The Mandurah Mail's campaign calling for a new Peel domestic violence refuge has been heard, with the state government announcing a second facility is set to open in 2021.
The Mail launched a campaign highlighting the prevalence of domestic violence in the region and the need for a second refuge in September 2018, after learning Peel's only crisis facility had turned away 140 victims in a six-month period.
Pat Thomas House refuge chief executive Jill Robinson said they had been promised a new refuge by the state government in 2017, but nothing had eventuated.
Read the Mail's coverage:
- 'Statistics just tip of iceberg': Mandurah domestic violence victims speak up
- Opinion by journalist Carla Hildebrandt: Victims' struggle for light at end of tunnel
- 'Heartbreaking and frustrating': Calls for refuge to support DV victims in outer region
- Peel domestic violence refuge opening date unclear, 15 months on
- Mandurah domestic violence assaults clog court
- 'The laws are the issue': Police praised by domestic violence support workers
- Minister unable to provide refuge opening date when pressed in parliament | VIDEO
- Second Peel women's refuge to be announced in 'the not too distant future'
The second refuge will provide tailored support services to domestic violence survivors and women fleeing abusive relationships.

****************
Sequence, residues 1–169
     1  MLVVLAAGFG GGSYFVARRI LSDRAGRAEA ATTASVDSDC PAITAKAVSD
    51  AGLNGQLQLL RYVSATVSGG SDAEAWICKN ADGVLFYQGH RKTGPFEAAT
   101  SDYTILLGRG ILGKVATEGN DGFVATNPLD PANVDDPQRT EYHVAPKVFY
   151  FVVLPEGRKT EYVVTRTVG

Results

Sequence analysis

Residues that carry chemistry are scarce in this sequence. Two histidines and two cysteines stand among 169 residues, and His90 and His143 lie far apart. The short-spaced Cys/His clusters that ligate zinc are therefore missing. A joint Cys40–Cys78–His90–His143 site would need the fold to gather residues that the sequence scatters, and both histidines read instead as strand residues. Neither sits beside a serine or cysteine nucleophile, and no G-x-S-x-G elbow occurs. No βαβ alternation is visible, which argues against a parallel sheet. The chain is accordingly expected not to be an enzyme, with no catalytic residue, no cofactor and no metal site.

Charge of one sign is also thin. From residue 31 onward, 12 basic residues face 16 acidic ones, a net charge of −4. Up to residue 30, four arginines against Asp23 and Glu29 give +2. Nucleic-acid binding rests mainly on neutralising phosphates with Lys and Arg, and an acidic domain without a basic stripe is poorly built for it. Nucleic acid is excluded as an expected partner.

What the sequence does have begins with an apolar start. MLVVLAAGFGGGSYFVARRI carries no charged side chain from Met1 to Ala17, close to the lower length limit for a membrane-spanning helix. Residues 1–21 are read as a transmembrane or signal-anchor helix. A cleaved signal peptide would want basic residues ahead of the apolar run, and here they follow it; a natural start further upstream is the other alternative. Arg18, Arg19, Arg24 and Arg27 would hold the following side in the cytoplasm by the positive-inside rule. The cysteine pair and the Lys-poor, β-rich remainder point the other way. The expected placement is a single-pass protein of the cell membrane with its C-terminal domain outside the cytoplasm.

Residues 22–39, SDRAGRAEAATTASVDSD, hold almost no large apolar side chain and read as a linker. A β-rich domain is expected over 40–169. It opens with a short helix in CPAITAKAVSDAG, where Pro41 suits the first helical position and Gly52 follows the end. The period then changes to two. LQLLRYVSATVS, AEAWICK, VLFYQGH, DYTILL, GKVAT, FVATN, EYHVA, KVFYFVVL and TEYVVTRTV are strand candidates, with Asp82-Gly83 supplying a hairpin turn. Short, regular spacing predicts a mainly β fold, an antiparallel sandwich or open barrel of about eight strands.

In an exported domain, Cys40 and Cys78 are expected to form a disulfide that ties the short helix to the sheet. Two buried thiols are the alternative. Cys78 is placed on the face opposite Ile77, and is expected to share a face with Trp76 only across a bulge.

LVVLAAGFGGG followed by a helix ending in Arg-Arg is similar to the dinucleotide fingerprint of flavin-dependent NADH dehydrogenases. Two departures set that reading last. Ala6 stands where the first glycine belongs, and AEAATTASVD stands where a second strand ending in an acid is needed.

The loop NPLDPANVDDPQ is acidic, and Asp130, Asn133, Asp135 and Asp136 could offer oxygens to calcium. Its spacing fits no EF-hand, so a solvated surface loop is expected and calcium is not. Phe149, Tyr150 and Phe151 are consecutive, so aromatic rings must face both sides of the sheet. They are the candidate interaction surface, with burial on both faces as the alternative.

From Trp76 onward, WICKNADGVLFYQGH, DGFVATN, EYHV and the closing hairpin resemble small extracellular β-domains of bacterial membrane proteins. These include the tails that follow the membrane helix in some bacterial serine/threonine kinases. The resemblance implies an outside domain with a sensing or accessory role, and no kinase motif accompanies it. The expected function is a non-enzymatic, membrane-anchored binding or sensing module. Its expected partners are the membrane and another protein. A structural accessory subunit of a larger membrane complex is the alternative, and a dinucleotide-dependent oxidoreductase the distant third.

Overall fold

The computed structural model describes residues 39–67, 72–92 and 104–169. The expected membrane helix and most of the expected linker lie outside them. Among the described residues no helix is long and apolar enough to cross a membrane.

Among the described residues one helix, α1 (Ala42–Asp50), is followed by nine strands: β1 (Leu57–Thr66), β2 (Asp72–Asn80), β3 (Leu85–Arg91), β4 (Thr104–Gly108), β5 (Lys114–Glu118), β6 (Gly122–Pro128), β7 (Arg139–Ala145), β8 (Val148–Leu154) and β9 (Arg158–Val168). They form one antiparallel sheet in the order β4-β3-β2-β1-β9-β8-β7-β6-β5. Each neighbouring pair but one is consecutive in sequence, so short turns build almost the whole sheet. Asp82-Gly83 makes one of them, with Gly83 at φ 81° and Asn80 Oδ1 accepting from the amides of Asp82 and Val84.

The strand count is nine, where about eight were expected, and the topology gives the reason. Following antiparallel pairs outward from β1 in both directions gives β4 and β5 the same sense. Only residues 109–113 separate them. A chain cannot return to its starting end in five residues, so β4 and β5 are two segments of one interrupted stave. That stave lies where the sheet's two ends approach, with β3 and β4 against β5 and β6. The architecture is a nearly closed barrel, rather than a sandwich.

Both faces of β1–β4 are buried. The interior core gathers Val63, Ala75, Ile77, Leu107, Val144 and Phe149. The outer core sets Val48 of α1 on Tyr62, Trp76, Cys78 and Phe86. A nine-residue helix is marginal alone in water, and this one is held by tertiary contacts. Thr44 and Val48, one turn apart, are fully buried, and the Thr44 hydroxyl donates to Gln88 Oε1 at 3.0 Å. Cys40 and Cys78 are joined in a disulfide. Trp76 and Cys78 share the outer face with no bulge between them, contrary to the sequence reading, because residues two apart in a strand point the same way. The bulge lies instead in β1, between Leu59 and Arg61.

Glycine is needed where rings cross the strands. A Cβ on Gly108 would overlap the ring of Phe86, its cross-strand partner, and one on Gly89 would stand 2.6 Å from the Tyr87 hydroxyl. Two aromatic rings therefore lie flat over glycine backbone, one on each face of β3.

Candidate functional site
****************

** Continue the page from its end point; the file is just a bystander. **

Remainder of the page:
In a WA first, the refuge boasts a specialist multi-disciplinary team with mental health professionals, domestic violence support workers, alcohol and drug counsellors, and nurses.
There will be trauma support available for children and families.
Prevention of Family and Domestic Violence minister Simone McGurk said she was pleased to announce the refuge.
"The therapeutic refuge model will be a significant shift from current practice and recognises that family and domestic violence has serious and often ongoing impacts on women's health and wellbeing," she said.
"This therapeutically focused model is about supporting women and their children escaping family and domestic violence with specialist services because leaving the violence is only one part of a survivor's recovery."
Mandurah MP David Templeman said family and domestic violence had always been a "major issue" for the region.
"The new refuge will complement the outstanding work a number of local agencies are doing to alleviate this issue in our community," he said.
If you need help with domestic violence, contact 1800 RESPECT at 1800 737 732 or phone the crisis care family helpline on 08 9223 1111 or 1800 199 008.
In an emergency, phone 000.